Portugal will probably be out of the EMU quickly if Greece goes, and this will bring the focus onto the two large Med-Europe countries, Italy and Spain, of which Italy will probably be “next up”. The debt crises of Ireland, Portugal and Spain (in order of overall debt/GDP ratio, all of them with a higher ratio than Greece or Italy) lie in the private sector, and are therefore “slowburn”.
In Portugal, where the chief export market is potentially recessionary Spain, where cost competitiveness is worse than Spain, and the business debt burden much higher at 16 times net cash flow, as is government debt relative to GDP, the private sector is actually still in deficit – the current-account deficit is larger than the budget deficit.
It is almost impossible to see how Portugal can avoid a crash. It is a poorer country than Greece, so the Franco-German decision to insist on no further government debt write-offs after Greece means the country is likely to be returned to penury – having in any case had very little growth since it joined the euro at its inception.
In this projection of Portuguese financial needs, the assumption is that coping with the extremity of business debt ratios creates a crisis that requires the write-off of existing debt over three years, as in Greece above. The projected government debt of zero in 2015 is therefore fictitious in the sense that the existing debt will have been replaced by a large volume of government debt to finance a banking recapitalisation. This could be substantially larger than Ireland’s 2010 31% of GDP, as Portugal’s business debt is larger than Ireland’s was. Portugal’s future debt capacity will be extremely low, as it has negligible potential growth and, assuming it stays in the euro, no inflation either – yet market interest rates are likely to be quite high.
Austerity + Subsidy – Not a Cure
In summary terms, curing a country’s excessive debt problem requires one (or more) of the three ‘de’s: devaluation, default or deflation. The Eurozone has ruled out the first two – and adopting the third seems likely to achieve a fourth ‘de’: depression.
With unchanged Eurozone membership, the only method of adjusting costs and prices in Med-Europe to be competitive without extreme and constantly reinforced austerity, leading to depression, would be stimulation of rapid inflation in The Netherlands and Germany for a decade or two; and acceptance over that adjustment period of large fiscal subsidy payments to the deficit countries – not loans to be repaid later, but unrequited transfers. Such transfers are already happening through banking systems being subsidised by access to the ECB’s repo “window” to finance themselves at interest rates well below those paid by their own governments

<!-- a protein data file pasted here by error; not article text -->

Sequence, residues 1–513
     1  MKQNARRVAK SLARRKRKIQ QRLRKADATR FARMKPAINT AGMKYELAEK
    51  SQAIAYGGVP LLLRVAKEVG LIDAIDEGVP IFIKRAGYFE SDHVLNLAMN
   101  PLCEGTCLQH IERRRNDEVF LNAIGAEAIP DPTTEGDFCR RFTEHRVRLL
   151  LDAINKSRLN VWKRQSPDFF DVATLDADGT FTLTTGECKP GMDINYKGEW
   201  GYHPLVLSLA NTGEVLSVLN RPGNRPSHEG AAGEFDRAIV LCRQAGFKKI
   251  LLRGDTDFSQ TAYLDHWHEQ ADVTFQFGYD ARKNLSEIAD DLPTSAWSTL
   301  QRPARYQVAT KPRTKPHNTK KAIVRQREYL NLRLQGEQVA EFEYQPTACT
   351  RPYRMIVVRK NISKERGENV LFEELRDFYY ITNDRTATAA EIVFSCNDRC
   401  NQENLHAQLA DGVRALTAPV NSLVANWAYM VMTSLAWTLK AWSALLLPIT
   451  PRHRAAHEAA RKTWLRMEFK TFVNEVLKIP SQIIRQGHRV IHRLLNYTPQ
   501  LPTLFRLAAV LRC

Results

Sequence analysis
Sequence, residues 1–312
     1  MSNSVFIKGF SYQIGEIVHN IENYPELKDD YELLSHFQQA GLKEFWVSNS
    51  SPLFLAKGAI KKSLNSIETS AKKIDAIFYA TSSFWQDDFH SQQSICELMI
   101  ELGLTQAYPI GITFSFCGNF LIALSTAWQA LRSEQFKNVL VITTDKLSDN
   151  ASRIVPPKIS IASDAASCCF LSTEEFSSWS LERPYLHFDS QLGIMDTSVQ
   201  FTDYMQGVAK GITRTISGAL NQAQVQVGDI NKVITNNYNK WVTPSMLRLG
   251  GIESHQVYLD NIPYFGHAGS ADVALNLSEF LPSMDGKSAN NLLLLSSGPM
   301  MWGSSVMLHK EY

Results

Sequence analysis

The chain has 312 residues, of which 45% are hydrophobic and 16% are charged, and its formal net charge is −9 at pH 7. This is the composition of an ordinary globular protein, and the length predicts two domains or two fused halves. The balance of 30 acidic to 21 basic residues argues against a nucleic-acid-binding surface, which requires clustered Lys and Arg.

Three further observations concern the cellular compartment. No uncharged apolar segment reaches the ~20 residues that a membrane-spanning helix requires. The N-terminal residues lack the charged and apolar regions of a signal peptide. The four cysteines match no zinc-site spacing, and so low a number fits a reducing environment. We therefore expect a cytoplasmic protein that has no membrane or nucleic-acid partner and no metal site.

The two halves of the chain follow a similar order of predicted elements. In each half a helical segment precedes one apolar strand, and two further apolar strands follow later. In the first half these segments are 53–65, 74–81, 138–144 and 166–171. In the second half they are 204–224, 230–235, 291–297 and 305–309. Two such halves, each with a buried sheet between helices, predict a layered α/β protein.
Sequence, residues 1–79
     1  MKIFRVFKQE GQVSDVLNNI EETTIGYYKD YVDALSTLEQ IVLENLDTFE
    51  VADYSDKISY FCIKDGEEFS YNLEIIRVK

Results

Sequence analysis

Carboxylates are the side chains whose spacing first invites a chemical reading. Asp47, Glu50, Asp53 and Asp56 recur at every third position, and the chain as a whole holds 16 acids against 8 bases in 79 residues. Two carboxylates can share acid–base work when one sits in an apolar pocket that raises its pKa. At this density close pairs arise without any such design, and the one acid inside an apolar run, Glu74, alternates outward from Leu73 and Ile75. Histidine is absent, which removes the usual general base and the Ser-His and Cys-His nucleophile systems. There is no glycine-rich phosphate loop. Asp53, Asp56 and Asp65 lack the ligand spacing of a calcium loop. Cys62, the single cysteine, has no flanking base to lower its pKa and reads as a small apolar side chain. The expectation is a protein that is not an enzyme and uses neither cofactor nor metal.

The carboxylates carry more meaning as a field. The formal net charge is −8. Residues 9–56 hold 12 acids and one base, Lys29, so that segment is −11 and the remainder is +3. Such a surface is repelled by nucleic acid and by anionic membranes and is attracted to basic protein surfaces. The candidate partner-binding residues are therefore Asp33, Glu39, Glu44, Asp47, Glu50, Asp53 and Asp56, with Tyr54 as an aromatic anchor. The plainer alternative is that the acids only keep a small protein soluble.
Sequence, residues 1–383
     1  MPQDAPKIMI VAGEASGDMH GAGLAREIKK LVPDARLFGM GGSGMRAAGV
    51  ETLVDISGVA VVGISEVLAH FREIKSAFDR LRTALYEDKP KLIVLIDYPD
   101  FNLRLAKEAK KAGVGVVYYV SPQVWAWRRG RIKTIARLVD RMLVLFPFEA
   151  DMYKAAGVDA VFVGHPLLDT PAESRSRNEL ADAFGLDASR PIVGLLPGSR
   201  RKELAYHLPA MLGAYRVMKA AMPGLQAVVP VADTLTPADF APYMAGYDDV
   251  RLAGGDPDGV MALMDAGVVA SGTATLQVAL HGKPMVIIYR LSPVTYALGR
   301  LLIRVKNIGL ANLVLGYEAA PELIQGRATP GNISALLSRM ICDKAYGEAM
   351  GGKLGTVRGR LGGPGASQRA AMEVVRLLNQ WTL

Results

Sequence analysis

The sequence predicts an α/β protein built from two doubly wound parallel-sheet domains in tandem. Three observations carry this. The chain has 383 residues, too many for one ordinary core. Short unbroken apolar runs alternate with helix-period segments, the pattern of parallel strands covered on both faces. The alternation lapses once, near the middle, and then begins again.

The danger for The Netherlands is that the potential for subsidy needed by Med-Europe is open-ended. All official scenarios are based on a rapid reversion to recovery, both in Eurozone economies and financial markets. Official scenarios never anticipate recession or financial crisis. This is part of the problem. The imbalances that are poisoning the Eurozone economies cannot be acknowledged because their cure, once they are acknowledged, clearly requires major exits from the euro, or its disbandment. Unacknowledged, they remain unaddressed, so continued financial deterioration is likely, unless the core Eurozone countries step in and provide the continuing subsidies outlined above.
Aggregate Potential Costs of Current EMU Membership
Bloomberg reports Dutch Freedom Party Wants Euro Exit Referendum
The Dutch Freedom party wants voters in the Netherlands to decide in a referendum whether the country should return to the guilder, De Telegraaf reported today, citing an interview with party leader Geert Wilders.How Significant is the Dutch Freedom Party?
The Freedom Party hired Lombard Street Research to investigate the cost of maintaining the Euro zone and alternative scenarios if countries elect to leave, according to a statement by London-based FTI Consulting. The report will be presented in The Hague on March 5.
Inquiring minds may be wondering how big and influential the Dutch Partij voor de Vrijheid (‘PVV’, the Party for Freedom) might be. It's a good question, too. The short answer is the PVV is a critical part of the coalition holding the Netherlands government together.
Reuters explains in commentary from November, Analysis: Populists exploit euro zone crisis to gain influence